This one starts way back in August, when we have to start monitoring for the first signs of budswell in the peaches and nectarines, and from then on we’re monitoring regularly for two things (the trees as they flower, and the weather) to make sure all trees have an organic fungicide on at the right time.
Depending on which trees need to be sprayed, this job can take anything from 2 hours to all day, and depending on the weather, it might need doing a couple of times a week, or not for weeks!
With spring comes rain and warmth, and the grass starts growing. This is basically a good thing because all these lovely annuals start pumping carbon into the soil, but we can’t let the weeds get too long around the trees, so it means we need to start slashing – and keep slashing regularly, right through summer until the grass slows down. It’s mostly a tractor job (until we introduce some animals into the orchards), with some back-up work with the whipper-snipper around any young trees.
This job is simple and quick (just putting a bit of double-sided tape around the trunk of the tree. It only takes a couple of minutes per tree), but its one of the most important jobs we do for trees where the main fruit-eating pest are earwigs and garden weevils (cherries and nectarines in particular). One of the tricks we’ve learned over the years—don’t put it off! It’s really good to get this job done nice and early, before the earwigs are in the tree, because if you put the tape on after they’re in the tree then you’re trapping them up there! It’s also a sticky job, so it’s definitely worth gathering a couple of buddies, getting hold of some disposable gloves, and going for it!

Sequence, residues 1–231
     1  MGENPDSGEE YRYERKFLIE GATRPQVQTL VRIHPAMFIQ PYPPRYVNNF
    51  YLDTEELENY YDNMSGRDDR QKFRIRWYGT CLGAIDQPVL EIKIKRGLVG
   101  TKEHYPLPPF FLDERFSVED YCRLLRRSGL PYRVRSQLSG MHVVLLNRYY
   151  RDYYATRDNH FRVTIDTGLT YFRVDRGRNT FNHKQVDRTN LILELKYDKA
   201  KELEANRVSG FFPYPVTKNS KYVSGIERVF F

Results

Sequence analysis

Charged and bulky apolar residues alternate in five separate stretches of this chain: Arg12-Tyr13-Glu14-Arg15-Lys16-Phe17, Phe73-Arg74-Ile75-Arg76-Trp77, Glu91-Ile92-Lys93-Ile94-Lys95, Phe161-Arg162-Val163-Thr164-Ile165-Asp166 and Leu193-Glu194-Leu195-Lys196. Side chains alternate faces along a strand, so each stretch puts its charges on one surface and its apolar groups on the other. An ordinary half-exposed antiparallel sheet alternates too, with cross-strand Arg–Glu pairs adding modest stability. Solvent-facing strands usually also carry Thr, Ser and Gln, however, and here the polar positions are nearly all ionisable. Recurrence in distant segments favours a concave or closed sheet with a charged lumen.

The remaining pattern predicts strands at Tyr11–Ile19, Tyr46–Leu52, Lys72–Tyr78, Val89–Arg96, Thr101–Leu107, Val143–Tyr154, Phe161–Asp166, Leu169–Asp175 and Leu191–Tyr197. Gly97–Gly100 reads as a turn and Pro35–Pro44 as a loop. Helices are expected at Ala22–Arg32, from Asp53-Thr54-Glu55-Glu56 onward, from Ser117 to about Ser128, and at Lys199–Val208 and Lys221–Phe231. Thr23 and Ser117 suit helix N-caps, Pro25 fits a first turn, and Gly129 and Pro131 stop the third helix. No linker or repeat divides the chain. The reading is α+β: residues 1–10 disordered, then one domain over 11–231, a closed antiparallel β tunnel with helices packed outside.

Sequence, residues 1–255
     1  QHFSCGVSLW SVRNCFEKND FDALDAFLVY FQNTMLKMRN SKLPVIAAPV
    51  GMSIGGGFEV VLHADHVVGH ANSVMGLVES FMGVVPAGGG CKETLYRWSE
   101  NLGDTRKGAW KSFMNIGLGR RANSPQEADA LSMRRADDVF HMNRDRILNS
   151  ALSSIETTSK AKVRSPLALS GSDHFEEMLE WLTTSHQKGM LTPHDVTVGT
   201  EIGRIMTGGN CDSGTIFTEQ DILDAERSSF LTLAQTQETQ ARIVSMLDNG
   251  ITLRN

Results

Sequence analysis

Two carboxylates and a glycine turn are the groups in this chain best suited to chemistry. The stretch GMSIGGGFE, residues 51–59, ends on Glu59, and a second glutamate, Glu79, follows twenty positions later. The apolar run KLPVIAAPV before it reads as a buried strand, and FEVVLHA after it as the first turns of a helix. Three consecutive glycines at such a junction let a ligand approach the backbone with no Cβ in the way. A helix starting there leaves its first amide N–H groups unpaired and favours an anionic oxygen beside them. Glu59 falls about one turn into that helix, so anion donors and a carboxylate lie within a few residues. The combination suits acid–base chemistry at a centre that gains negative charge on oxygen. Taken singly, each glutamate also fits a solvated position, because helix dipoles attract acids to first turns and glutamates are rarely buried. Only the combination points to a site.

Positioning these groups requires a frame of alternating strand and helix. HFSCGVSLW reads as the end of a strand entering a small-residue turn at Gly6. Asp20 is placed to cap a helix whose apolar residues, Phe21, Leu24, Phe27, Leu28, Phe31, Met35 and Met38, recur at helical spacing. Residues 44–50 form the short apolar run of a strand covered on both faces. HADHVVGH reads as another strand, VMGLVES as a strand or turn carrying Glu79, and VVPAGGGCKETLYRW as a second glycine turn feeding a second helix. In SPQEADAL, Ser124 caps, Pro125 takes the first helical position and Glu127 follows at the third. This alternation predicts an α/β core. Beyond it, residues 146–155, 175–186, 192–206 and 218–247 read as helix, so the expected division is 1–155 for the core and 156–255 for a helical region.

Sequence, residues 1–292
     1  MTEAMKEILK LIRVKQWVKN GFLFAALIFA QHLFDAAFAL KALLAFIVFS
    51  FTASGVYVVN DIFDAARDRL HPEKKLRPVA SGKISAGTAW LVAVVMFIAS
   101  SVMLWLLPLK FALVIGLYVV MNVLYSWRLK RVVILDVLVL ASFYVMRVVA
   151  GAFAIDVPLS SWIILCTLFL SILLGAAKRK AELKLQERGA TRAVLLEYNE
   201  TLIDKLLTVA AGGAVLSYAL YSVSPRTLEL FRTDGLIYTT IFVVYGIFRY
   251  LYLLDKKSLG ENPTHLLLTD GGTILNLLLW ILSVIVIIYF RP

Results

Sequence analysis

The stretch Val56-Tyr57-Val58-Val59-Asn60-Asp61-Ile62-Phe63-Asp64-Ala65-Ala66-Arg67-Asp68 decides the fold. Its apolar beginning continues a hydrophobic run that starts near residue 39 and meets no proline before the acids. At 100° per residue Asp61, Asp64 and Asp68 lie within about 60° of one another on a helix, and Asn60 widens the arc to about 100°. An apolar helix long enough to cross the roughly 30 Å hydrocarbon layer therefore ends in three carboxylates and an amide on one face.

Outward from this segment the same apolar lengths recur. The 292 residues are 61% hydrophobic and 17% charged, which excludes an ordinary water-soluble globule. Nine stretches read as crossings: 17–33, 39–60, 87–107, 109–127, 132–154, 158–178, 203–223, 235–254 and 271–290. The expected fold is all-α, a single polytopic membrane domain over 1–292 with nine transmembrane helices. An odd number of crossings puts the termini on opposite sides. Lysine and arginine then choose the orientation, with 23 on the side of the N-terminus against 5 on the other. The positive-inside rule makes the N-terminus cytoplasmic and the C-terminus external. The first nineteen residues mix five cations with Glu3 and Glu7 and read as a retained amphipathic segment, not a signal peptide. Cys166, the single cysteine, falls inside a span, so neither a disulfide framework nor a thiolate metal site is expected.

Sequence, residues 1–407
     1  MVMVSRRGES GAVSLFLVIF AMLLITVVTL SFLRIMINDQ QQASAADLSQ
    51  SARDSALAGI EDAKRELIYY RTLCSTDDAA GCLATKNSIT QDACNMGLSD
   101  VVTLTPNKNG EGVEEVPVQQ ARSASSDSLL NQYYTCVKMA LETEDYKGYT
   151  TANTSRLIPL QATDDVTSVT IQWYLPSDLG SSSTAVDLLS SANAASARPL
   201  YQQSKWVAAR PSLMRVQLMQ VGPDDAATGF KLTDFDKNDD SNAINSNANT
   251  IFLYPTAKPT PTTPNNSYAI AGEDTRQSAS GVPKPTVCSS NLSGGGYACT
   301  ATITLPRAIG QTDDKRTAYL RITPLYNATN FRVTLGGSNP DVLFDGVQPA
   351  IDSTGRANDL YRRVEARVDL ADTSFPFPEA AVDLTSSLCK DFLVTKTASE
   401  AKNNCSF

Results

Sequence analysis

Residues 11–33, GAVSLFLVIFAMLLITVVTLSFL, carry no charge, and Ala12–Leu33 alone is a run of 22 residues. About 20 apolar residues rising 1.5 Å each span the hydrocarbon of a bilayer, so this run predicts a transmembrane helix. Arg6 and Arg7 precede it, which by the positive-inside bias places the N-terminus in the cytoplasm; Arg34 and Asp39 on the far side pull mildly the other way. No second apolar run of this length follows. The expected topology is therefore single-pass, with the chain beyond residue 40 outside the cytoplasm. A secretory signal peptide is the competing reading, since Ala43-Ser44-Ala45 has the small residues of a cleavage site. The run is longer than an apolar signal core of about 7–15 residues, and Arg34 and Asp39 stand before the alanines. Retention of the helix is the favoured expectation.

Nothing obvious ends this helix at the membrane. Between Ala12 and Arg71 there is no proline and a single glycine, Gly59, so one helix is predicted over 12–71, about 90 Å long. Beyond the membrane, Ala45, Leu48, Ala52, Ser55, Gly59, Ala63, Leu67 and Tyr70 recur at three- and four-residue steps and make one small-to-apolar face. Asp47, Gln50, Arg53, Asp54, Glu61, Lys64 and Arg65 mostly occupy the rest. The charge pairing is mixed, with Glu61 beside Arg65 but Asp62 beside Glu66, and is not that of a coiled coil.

Watering itself needs to start happening as soon as the weather is warm enough and the soil dry enough to warrant it, which will be different each year (but was in mid-spring for us this year). But before that, there’s lots of little maintenance jobs that can practically be done in late winter, so you get them out of the way before spring craziness happens—checking the pump, checking and cleaning out all the filters, flushing out the irrigation lines in each orchard, and then turning the system on and checking every dripper. Admittedly, this is a job that’s much more pleasant to do in warm weather (yep, you’re gonna get wet…), but from a time-management point of view, the earlier the better!